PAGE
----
360-degree installation in Penticton surrounds art lovers

One of the latest exhibitions at the Penticton Art Gallery is sure to envelop art lovers.

360-degree installation in Penticton surrounds art lovers



One of the latest exhibitions at the Penticton Art Gallery is sure to envelop art lovers.

Regina-based artist Wilf Perreault’s Ruelle D’Amour — A Journey of Love, is a 150-foot mural dedicated to Perreault’s late wife Sandi. The piece documents important locations to Perreault and his wife and family over the course of his life and is on display in a full, panoramic 360 degrees at the gallery until Nov. 6.

“I wanted to do a panorama, originally it was just going to be in a small room so one person could kind of move their head around and get this feeling of being surrounded,” Perreault said.

After beginning the project he was inspired by French Impressionist Claude Monet’s series of 250 oil paintings: Water Lillies, displayed in a 360-degree format in Paris.

Most of Ruelle D’Amour depicts Regina, Sask. as well as Phoenix, Ariz.

“It was originally going to be colour, but the more I started working on it I realized colour would probably be too much. This way you look at the whole thing rather than individual parts,” Perreault said. “It gives you the whole feel of panorama in black and white.”

He is well known for his paintings of back alleys, something he feels expresses his artistic style.

“It feels like it’s me and not somebody else who painted it,” Perreault said. “It feels more personal because I don’t know if anyone else would obsess that way, that’s the landscape that I play with.”

The exhibition also features a book and a film — Alley Man by Jan Nowina-Zarzycki at Novina Films which depicts the creation of the piece and Perreault’s extensive look at humble alleyways.

“It was a labour of love for those guys. They really worked hard and they made me look good,” Perreault said.

The film allows those observing the exhibition to get to know Perreault on a more personal level.

The piece was brought to Penticton Art Gallery curator Paul Crawford by the filmmaker.

“I was intrigued by that, it will certainly be the largest painting we have ever displayed here in the gallery and more importantly was really intrigued by the ability of trying to create an environment where one painting would be entirely seamless,” Crawford said.

They all connect even though the scenes themselves are all separate, the painting is done in such a way that it becomes one seamless panoramic view,” Crawford added.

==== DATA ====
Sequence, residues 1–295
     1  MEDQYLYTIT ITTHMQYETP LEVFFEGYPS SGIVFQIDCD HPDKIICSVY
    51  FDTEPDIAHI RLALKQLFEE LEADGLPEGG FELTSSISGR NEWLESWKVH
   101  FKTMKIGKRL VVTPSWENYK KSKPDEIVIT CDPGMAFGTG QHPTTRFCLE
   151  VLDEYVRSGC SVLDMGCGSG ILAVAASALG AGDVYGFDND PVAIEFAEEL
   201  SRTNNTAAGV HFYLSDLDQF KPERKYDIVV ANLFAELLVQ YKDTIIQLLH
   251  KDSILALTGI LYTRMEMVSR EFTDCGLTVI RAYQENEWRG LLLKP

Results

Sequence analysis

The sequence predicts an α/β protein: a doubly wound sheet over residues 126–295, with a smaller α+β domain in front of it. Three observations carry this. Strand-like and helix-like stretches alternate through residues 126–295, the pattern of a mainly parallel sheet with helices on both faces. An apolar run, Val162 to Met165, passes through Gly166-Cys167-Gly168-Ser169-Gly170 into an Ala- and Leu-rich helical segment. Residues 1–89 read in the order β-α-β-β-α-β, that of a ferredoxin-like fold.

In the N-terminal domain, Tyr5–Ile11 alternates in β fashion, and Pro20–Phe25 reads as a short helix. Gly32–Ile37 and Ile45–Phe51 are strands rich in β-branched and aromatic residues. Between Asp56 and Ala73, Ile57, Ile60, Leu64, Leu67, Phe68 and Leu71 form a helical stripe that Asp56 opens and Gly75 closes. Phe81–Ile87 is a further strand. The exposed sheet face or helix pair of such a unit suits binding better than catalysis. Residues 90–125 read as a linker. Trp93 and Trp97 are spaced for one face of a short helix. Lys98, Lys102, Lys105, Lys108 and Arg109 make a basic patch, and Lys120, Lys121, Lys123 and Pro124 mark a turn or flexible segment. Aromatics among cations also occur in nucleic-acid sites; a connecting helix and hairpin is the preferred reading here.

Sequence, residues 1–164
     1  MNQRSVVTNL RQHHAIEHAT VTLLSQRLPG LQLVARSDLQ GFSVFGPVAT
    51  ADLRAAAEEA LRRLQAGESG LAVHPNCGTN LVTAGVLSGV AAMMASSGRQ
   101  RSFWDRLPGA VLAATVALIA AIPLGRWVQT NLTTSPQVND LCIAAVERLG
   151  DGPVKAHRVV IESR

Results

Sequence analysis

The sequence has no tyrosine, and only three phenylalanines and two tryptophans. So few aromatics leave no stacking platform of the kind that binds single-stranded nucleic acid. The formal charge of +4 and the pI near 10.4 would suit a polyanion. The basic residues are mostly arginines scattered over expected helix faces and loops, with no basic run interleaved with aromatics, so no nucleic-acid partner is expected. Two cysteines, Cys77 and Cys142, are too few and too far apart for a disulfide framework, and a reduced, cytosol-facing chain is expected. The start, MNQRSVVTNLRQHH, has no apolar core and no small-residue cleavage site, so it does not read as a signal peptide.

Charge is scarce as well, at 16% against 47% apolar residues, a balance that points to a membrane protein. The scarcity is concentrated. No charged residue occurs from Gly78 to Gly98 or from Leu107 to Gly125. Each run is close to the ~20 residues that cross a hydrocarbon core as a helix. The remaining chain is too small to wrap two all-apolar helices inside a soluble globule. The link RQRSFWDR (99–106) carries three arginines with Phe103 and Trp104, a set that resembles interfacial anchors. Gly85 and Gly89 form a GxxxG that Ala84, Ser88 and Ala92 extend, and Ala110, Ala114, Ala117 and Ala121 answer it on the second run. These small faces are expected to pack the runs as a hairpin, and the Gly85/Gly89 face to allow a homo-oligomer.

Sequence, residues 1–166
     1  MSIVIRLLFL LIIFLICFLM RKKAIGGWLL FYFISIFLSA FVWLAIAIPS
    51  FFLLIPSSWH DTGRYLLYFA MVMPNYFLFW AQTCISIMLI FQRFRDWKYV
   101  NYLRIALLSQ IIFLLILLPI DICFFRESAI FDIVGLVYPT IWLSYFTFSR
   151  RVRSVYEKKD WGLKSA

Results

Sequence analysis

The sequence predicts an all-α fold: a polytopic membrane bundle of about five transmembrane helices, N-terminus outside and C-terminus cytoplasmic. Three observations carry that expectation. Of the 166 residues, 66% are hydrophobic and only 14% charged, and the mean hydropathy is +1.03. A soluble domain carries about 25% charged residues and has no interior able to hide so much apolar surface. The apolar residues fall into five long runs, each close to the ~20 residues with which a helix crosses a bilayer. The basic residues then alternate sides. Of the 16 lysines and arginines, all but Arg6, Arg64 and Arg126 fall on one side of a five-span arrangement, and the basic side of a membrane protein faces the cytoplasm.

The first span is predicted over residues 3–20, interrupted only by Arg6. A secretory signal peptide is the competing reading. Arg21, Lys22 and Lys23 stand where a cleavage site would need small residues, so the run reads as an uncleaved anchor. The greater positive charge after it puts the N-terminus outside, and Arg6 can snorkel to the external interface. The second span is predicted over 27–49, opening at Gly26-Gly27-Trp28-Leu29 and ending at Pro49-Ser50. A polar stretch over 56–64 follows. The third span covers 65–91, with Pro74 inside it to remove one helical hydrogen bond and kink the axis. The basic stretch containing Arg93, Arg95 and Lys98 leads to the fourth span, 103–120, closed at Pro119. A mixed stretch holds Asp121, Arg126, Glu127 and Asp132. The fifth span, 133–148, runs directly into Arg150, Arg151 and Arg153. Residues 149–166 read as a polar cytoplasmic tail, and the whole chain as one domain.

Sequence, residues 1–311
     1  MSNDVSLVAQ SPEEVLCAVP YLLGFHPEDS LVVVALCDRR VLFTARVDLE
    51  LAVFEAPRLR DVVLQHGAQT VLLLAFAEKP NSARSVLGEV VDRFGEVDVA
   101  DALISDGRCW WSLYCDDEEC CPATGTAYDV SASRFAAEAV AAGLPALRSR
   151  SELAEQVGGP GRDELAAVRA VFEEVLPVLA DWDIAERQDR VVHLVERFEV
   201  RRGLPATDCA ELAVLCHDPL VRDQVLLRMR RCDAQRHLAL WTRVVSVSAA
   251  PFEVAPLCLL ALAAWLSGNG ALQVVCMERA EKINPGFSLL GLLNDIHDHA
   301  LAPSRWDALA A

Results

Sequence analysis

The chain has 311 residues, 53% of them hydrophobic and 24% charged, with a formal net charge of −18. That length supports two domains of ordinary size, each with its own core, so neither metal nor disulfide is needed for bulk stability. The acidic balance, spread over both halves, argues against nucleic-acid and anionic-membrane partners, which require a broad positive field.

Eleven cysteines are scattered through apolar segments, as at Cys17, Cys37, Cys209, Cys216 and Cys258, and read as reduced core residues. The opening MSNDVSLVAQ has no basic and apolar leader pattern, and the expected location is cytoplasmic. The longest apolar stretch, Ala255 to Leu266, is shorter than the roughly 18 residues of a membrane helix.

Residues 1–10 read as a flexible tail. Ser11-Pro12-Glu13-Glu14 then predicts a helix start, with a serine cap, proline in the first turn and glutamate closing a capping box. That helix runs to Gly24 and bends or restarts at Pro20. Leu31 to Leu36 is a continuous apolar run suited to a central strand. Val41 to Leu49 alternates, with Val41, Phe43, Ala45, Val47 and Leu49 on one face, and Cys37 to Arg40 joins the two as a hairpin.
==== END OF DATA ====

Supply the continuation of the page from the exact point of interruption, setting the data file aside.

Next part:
Though getting that seamless view wasn’t without a few challenges, Crawford said.

There was a bit of a hiccup in the two-day set up of the installation.

“I was so focused on hanging the show to fit that I didn’t realize it was backwards. I didn’t think something circular could be backwards, I went counter-clockwise when I should have gone clockwise,” Crawford said.

Ruelle D’Amour has been shown in Grand Prairie, Penticton and Regina — the largest showing the Nouveau Gallery had ever had. However, Perreault isn’t too concerned with how it was received.

“I’m more interested in what I’m going to do next. I don’t want to think about the past too much,” Perreault said.

What’s next for Perreault? An upcoming exhibition in Winnipeg entitled Wilf Perreault: Unhinged in partnership with Habitat for Humanity. He was approached by the organization with a unique concept. He’s using doors and windows as the canvas this time.

“I now have purchased and made over 60 doors and windows,” Perreault said. “It’s a lot of fun. It’s changed my world a little bit.”

In Ruelle D’Amour there are a few pieces featuring doorways, though Perreault notes it was not planned that way.

“It just happened,” Perreault said.

For more information visit www.pentictonartgallery.com. This exhibit will be in the gallery until Nov. 6.

The Penticton Art Gallery hours of operation are Tuesday to Friday from 10 a.m. to 5 p.m., Saturday and Sunday from 11 a.m. to 4 p.m. and closed Monday’s. Admission is free on the weekends and $2 otherwise.